As we meditate, we simply sit straight and watch the breath. So what does that do? It creates space. In fact, the technique itself is just a trick. The main point is to recognize all these thoughts and distractions that are constantly bombarding us. We still get angry, but we know that we are angry. When we are angry and know it, the anger has a lot of humor. With that kind of anger, we have more control.

Dzongsar Khyentse Rinpoche, “Do Nothing” (via Tricycle Daily)

To be angry with yourself only leads to more suffering. Forgive yourself, love yourself, and become whole.

Overcoming Outbursts of Anger from Others

In response to a question about how to cope with painful feelings after witnessing an explosion of anger and verbal insults on others…

Whenever something traumatic happens to us, especially in a negatively charged situation, it’s like we absorb that energy. The more intense the exchange the longer it seems to linger inside us before it dissipates. It’s worse when we have no outlet for that energy to be released, whether through tears, screaming, talking, praying, or meditating. To suppress it doesn’t make it go away. You only keep it under pressure, which makes it more volatile and likely to unleashed on some unsuspecting soul who said something wrong to you on the bus in the morning.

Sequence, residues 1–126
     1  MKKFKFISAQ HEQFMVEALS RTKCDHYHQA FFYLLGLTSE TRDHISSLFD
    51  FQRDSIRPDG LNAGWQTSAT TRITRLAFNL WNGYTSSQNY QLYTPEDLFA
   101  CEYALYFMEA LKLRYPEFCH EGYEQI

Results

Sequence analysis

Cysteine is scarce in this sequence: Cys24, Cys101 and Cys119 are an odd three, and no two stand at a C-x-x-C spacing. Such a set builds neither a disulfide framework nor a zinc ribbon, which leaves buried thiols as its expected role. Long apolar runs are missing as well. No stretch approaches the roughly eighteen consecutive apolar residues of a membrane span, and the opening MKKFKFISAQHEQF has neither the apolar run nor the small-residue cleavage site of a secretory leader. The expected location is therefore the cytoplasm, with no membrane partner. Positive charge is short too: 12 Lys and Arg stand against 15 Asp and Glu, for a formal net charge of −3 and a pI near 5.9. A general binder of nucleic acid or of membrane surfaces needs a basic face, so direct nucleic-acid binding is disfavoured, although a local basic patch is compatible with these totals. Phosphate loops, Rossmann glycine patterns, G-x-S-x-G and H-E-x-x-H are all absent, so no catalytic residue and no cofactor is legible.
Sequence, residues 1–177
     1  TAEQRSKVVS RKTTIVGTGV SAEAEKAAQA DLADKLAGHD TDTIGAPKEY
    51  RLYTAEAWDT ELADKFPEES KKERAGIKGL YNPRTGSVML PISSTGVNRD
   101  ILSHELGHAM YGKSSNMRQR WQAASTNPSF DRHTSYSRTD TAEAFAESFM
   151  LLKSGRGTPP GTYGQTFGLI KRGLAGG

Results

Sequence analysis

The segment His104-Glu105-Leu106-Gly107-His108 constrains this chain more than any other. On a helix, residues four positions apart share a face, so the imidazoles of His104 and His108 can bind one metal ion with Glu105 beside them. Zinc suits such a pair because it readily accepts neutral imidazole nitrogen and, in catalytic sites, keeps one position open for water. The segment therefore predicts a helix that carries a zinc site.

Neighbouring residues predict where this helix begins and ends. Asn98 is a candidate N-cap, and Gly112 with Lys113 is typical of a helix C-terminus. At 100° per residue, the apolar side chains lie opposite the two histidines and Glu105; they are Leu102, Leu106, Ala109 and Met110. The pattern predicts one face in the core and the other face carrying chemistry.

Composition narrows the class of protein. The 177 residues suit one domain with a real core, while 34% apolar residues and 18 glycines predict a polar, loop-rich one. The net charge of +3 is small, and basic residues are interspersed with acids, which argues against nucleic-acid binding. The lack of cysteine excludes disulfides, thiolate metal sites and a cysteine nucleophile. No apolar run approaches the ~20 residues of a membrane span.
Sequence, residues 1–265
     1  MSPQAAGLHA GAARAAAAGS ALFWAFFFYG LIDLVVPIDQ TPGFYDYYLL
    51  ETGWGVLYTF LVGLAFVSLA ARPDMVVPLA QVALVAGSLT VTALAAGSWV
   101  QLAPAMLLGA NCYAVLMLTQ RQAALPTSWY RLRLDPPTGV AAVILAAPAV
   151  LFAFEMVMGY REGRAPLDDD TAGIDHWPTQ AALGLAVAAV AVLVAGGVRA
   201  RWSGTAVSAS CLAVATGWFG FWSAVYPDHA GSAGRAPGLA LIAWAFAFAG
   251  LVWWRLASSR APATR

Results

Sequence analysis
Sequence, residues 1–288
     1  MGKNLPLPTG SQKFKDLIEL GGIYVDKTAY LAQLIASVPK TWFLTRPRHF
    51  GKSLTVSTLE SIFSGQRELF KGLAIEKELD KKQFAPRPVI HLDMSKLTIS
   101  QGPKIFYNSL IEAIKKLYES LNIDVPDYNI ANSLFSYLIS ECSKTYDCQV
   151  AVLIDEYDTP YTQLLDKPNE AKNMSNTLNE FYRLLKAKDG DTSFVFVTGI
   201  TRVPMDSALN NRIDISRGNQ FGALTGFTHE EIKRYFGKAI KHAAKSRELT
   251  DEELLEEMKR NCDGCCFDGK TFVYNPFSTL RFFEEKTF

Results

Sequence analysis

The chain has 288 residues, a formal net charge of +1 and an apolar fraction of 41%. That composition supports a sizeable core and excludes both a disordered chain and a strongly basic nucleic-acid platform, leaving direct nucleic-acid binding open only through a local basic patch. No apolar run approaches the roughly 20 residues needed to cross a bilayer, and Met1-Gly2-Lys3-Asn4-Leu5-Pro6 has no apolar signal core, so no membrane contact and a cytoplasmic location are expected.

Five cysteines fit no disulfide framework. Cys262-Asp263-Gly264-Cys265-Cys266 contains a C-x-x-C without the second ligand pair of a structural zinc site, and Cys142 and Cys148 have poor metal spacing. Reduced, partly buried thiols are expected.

Something hurtful happened in your presence. You may feel victimized, or you may feel guilty for not stopping it. Sit with your feelings and see them for what they are. Don’t push them away. Don’t beat yourself up for feeling the way you do. Just be with them. Allow yourself to feel them. What do you feel? Why do you think you feel this way? Be gentle with yourself. Hold your feelings like you would hold a newborn baby, carefully. But realize that you are not your feelings. They are not who you are. They do not define you. You experience them because you are human. That is not a defect, but they are not your identity.